... prefixed to the book, (deprecating the idea that its authors should be held responsible, except severally for their several articles,) completed the scandal. As if seven men, each armed with his own appropriate weapon of violence, breaking into a house, and spreading ruin around them, could "readily be understood," (to quote their own language,) to incur each a limited responsibility!... Charity doubtless would have rejoiced ...
— Inspiration and Interpretation - Seven Sermons Preached Before the University of Oxford • John Burgon

... secretary. Knowing nothing of the King's guilt, and jealous of Perez, he kept assuring the King that Perez was guilty: that there was an amour, detected by Escovedo: that Escovedo perished for a woman's sake: that Philip must investigate the case, and end the scandal. The woman, of course, was the Princess d'Eboli. Philip cared nothing for her, now at least. Mr. Froude says that Don Gaspar Moro, in his work on the Princess, 'has disproved conclusively the imagined liaison between ...
— Historical Mysteries • Andrew Lang

... that is that he's afraid," Cephalus explained. "Juno has threatened to sue him for divorce if he does, and he doesn't dare brave the scandal." ...
— Olympian Nights • John Kendrick Bangs

... unjust, as all here can witness," the Infante answered. "Rome may believe it, because lies have been carried to Rome. Dona Theresa's life was a scandal, her regency an injustice to my people. She and the infamous Lord of Trava lighted the torch of civil war in these dominions. Learn here the truth, and carry it to Rome. Thus shall you do ...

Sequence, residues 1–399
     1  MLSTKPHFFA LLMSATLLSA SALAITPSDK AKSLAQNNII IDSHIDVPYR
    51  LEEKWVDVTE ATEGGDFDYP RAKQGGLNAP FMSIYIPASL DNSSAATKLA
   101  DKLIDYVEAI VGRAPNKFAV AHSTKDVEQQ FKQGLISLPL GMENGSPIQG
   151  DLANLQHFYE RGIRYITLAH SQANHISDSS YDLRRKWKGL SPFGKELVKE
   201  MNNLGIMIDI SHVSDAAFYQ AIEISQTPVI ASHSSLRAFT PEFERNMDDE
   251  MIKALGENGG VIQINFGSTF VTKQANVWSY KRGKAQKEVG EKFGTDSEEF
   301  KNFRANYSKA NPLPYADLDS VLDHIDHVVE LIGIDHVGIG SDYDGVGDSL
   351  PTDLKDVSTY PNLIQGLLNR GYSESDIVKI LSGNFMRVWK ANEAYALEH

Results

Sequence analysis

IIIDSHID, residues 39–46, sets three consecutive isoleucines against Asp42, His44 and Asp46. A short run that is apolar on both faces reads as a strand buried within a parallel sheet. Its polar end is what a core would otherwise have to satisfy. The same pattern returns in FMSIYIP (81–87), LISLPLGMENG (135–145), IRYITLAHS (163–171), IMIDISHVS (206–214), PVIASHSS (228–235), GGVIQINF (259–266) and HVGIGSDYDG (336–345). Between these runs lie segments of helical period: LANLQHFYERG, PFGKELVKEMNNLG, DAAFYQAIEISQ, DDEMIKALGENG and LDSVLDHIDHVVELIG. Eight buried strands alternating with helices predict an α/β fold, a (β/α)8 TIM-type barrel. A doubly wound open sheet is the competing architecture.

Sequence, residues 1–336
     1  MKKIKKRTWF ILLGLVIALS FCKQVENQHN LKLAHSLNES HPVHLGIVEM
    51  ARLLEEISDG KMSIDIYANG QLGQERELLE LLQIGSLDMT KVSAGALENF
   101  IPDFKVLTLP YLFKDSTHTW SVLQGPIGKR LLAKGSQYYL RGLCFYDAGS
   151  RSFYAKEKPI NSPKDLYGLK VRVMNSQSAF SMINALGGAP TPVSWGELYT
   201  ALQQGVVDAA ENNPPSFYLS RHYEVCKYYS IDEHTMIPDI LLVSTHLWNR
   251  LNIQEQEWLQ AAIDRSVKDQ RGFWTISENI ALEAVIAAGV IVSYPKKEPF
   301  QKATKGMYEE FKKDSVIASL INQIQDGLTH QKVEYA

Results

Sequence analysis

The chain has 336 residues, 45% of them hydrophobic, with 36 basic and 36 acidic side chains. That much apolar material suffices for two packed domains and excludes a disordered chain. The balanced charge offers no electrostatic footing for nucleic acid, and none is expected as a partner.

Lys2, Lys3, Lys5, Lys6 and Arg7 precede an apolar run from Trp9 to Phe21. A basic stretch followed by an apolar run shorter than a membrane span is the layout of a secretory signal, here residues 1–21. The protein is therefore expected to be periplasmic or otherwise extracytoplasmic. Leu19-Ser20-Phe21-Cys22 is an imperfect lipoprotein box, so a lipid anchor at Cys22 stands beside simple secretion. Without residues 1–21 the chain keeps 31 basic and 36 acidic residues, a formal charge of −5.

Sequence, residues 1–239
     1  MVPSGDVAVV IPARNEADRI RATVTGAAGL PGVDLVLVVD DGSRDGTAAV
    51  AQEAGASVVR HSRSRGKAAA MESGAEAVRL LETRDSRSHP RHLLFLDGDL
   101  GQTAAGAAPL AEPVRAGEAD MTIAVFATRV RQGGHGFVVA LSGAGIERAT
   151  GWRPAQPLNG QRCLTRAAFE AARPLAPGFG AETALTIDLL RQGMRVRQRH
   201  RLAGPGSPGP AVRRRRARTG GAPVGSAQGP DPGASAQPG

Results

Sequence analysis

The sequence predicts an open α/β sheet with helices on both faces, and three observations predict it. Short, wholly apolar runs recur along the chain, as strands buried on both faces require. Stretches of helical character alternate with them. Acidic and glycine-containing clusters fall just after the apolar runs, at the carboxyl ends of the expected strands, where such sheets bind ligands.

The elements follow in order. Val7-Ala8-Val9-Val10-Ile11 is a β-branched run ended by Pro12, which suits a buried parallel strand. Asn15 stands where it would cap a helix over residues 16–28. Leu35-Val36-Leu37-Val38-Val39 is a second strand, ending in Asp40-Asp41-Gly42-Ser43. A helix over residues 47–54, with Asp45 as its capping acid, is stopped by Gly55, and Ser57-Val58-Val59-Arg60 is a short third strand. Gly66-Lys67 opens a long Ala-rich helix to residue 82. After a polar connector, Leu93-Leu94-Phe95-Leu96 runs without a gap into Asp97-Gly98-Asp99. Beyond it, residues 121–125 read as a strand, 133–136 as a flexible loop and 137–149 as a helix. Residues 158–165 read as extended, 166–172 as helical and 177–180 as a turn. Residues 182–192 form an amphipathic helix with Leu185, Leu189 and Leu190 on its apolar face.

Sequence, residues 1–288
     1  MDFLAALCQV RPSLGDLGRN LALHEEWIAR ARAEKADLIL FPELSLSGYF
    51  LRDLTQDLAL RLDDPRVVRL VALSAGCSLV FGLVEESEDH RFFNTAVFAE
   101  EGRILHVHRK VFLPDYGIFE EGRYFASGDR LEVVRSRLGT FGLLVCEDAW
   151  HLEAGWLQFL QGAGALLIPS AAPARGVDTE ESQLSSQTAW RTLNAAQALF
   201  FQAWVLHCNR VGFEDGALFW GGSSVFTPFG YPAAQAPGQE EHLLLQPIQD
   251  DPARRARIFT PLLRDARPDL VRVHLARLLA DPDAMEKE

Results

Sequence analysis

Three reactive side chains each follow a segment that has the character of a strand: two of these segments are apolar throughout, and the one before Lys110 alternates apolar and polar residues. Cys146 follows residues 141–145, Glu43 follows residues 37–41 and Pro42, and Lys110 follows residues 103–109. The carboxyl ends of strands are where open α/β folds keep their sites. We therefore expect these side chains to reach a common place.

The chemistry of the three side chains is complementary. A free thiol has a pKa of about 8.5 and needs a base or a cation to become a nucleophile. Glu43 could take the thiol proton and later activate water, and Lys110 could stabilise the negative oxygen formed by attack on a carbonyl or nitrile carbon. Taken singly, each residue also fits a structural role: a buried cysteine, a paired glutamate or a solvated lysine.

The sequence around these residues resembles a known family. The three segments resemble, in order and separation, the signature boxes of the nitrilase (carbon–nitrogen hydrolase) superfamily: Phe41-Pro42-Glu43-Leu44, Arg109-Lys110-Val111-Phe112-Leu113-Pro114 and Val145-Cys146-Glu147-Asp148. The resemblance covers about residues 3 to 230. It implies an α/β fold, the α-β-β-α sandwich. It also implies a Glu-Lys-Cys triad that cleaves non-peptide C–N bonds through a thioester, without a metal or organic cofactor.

— The Historical Nights Entertainment, Second Series • Rafael Sabatini

... perplexing piece of intelligence transpired with regard to Miss Liebenheim, which at first afflicted every friend of that young lady. It was that she had been seized with the pains of childbirth, and delivered of a son, who, however, being born prematurely, did not live many hours. Scandal, however, was not allowed long to batten upon this imaginary triumph, for within two hours after the circulation of this first rumor, followed a second, authenticated, announcing that Maximilian had appeared with the confessor of the Liebenheim family, at the residence of the chief magistrate, ...
— The Lock and Key Library • Julian Hawthorne, Ed.

... sensitive, high-strung girl whom the slightest breath of scandal would fairly kill. I can't let her name be dragged into this mess; I can't answer her note, and send the reply away from under your very nose without a word to you. And the reporters! Gracious heavens! Swift, Stodger wanted to know what to ...
— The Paternoster Ruby • Charles Edmonds Walk

... the meaning of this silly story that people are circulating about Thomasin and Mr. Wildeve? I should call such a scandal humiliating if there was the least chance of its being true. How could such a gross falsehood have arisen? It is said that one should go abroad to hear news of home, and I appear to have done it. Of course I contradict the tale everywhere; but it is very vexing, and I wonder how it ...